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Review Bucket List, Theatre Ad Infinitum, Battersea Arts Centre by Hannah Goslin

4 out of 5 stars (4 / 5)

When we think of a Bucket List, it tends to be what we want to do before our final ending.

Full of ideas of endings, Bucket List at the Battersea Arts Centre takes on a fictional tale which is very much transferable to modern day.

Based in Mexico, we meet a little girl who goes through a traumatic short life. Basing it upon political issues between the USA and Mexico, we see many disastrous events from pollution of Mexico, to the corrupt ‘policia’ with suspicious deaths, rape and drug use. Milagros witnesses all these awful and terrible events and decides after finding out that she is dying, that those responsible must pay.

A small group of performers, all female, bring a strong cast to this stage. Ranging in ages, each of them present such interesting and energetic performances. The main cast double up on characters which are seamless and well- constructed – ranging from children to adults to different genders. To help with this, occasionally a prop or piece of costume is used but while this aesthetic is welcomed, it isn’t always necessary.

My only issue with this was with accents – throughout the production it was evident that the English native speakers were able to adopt a Mexican accent, but for whatever reason chose not to for some main characters and when changing to another accent, managed this with no issue. It was slightly confusing when this became a revelation as it felt slightly inconsistent.

What struck me however was the level and grace of the physical theatre involved. Much of the production used this technique to change places, to represent different events and feelings and it was fantastic. The performers had so much energy, were able to move seamlessly and almost seemingly with little effort and this as a performance itself was as intriguing as the narrative.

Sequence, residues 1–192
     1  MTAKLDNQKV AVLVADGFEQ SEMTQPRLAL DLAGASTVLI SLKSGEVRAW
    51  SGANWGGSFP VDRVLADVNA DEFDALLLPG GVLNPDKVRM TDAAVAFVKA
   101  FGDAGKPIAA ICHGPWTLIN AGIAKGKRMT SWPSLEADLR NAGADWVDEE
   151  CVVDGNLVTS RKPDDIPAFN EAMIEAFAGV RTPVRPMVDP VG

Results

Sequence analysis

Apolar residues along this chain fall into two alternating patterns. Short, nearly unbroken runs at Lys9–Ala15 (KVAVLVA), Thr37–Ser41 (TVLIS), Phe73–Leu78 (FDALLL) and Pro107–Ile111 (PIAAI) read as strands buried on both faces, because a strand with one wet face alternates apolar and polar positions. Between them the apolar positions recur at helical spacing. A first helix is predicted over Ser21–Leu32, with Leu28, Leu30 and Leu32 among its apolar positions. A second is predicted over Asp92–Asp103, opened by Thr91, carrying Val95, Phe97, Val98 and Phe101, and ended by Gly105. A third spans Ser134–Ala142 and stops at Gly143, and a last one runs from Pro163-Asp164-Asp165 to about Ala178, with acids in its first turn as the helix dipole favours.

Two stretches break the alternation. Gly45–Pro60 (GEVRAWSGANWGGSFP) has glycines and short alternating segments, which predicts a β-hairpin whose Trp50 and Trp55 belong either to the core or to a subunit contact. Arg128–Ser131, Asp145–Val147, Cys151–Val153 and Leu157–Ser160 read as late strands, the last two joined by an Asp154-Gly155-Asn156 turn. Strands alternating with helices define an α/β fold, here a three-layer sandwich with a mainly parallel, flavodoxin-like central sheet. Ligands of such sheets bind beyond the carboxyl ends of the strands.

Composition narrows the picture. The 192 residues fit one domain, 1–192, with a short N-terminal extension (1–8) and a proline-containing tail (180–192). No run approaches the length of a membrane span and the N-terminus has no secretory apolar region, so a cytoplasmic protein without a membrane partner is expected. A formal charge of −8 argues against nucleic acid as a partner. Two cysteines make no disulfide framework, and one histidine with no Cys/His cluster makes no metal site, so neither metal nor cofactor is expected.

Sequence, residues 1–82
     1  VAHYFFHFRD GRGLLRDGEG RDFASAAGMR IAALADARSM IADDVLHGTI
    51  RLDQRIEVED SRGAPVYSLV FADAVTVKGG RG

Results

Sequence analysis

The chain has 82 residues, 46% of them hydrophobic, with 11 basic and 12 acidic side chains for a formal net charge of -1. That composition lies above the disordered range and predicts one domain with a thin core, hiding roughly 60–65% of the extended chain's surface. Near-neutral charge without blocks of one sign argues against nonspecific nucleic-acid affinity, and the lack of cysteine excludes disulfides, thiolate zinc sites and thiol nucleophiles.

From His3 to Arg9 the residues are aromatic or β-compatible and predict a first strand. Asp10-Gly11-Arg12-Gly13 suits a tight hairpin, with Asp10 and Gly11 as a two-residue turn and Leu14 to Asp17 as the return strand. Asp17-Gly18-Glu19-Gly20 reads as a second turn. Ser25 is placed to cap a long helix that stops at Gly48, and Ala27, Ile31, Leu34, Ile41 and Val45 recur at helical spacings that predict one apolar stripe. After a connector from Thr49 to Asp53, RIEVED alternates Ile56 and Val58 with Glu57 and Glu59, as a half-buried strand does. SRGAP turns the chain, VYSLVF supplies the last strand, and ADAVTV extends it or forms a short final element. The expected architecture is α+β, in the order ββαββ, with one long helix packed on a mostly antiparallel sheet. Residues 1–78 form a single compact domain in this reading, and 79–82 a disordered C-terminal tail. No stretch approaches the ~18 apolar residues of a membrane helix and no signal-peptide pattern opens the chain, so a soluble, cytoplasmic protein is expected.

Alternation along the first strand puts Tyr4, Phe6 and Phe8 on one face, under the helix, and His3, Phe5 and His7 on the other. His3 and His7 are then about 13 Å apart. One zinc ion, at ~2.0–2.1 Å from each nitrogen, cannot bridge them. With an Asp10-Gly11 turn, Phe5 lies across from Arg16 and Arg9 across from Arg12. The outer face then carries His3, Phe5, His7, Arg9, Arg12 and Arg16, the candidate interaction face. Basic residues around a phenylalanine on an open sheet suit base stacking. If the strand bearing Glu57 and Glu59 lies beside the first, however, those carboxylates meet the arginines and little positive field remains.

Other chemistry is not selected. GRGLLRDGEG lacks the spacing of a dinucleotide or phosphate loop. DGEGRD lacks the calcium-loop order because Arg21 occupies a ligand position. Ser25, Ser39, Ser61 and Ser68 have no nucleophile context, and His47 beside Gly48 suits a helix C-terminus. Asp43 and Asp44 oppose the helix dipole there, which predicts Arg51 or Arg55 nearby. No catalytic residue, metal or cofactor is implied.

Live music and singing was also a great addition – a simple drum set and percussionist providing some of the background and a guitarist and phenomenal singer at times providing a singing narrative, becoming the corrupt characters in her androgynous style, made this production a little bit more special than it already was.

Bucket List is raw, exhilarating, intelligent and fantastic. And with the current political situation in America and Mexica, very poignant and modern.

https://www.bac.org.uk/content/42644/whats_on/whats_on/shows/bucket_list

F.E.A.R. by Mr & Mrs Clark, a review by Helen Joy

F.E.A.R.

An autobiographical tour of the constructed fear that society, religion and family place onto young shoulders.

Mr & Mrs Clark

There is someone in front of me who is bored, who doesn’t like it. There is much loud huffing and shrugging. But as far as I can tell, everyone else is in thrall to this captivating performance. Most of us are about the same age as Mr Clark and he is describing us. To a tee.

These are our fears too. Nostalgia and angst. Nuclear war and homemade bunkers. Overhead cables and safety belts. Clunk click. Superman y-fronts and God.

Being watched, getting a proper job, having sex, getting AIDS, getting a girl pregnant, not having children, having a mortgage, taking drugs and dancing. Hair, too much in the ears, too little on the head. Farting. Weeing. Keeping it in. Keeping it up.